The search for a “perfect match” stem cell donor so that Brighton mother of two Nikki Braterman can have an essential bone marrow transplant has become more urgent as her health worsens.
Her family and friends started a global appeal to find a life-saving donor, reaching out on social media.
Last night Geoff Braterman, Nikki’s husband, said: “Nikki’s care plan is rapidly changing and her condition has been deteriorating over the last few days.”
He said that the search for a donor had become increasingly urgent.
Mrs Braterman, 45, had acute myeloid leukaemia diagnosed last December.
After undergoing months of treatment, she thought that she was on the road to recovery but has now had a relapse.
For medical reasons, Mrs Braterman’s best hope of survival is to find a donor who is a “perfect match” to her stem cell type.
She is desperately seeking people who share her ethnic background – Anglo-Burmese and Irish – or people with south Asian heritage to volunteer as potential stem cell donors through their national registry.
She said: “I’m a mum to two small children, aged 7 and 4, and I want to see them grow up.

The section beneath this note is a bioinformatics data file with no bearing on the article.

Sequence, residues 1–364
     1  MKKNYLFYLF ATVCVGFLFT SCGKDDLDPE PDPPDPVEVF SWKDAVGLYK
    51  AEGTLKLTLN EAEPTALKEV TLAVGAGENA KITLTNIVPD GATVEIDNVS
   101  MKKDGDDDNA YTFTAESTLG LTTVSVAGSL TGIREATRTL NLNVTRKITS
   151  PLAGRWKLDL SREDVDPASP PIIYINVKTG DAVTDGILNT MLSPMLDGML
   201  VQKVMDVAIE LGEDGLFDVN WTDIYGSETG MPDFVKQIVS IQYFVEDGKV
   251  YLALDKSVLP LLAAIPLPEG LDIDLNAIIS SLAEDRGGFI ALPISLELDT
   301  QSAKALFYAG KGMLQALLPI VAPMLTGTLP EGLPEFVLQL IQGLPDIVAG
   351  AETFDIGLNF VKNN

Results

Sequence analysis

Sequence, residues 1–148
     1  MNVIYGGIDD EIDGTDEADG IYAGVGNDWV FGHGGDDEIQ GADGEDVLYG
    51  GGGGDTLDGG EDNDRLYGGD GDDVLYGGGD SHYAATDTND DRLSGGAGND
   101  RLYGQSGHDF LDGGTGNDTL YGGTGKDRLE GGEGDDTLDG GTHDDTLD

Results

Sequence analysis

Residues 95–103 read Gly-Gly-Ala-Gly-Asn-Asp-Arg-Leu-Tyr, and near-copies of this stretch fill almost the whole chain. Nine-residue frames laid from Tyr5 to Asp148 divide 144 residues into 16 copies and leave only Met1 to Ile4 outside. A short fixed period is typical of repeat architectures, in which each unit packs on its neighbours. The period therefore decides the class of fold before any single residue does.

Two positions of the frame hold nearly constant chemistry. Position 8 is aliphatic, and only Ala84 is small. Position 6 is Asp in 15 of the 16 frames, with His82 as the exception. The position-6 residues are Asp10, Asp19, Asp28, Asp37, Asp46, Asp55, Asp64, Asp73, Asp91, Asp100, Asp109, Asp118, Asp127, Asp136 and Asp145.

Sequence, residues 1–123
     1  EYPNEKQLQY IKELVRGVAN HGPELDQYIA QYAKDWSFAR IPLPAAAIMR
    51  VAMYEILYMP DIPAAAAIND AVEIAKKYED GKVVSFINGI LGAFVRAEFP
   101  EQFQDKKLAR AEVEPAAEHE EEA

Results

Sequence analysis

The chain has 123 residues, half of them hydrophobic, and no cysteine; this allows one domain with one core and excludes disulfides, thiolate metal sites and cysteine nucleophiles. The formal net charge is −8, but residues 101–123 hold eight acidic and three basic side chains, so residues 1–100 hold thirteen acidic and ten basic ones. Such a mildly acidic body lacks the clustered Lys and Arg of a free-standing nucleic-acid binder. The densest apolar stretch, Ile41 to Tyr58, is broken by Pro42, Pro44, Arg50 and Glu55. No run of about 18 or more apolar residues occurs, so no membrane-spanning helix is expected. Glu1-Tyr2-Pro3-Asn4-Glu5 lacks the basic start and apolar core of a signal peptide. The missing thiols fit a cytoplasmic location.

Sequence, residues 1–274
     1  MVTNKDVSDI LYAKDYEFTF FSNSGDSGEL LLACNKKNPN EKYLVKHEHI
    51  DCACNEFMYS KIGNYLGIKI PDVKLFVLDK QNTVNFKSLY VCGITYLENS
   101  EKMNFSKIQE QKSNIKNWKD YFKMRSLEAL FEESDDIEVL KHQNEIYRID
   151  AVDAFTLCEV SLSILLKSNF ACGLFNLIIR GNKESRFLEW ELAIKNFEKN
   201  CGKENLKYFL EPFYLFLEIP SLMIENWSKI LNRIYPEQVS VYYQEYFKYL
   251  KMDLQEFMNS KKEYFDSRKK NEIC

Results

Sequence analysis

“If you are reading this story and think that you may be able to help then please, please get in touch. You might just be able to save my life.”
Geoff Braterman, her husband, said: “We are desperately and urgently seeking a ‘perfect match’ donor for my beautiful wife Nikki.
“I don’t want to lose her and I don’t want my kids to grow up without their mum.
“Please take a look at our website and share our story on social media.
“The right donor is out there somewhere. We just need to find them quickly.”
Anyone who may be able to help Mrs Braterman is asked to check out their national registry. In Britain, this can be with the Anthony Nolan Trust for people who are 16 to 30 years old, with Delete Blood Cancer or with the British Bone Marrow Registry. Outside Britain, people are asked to check the list of Bone Marrow Registers.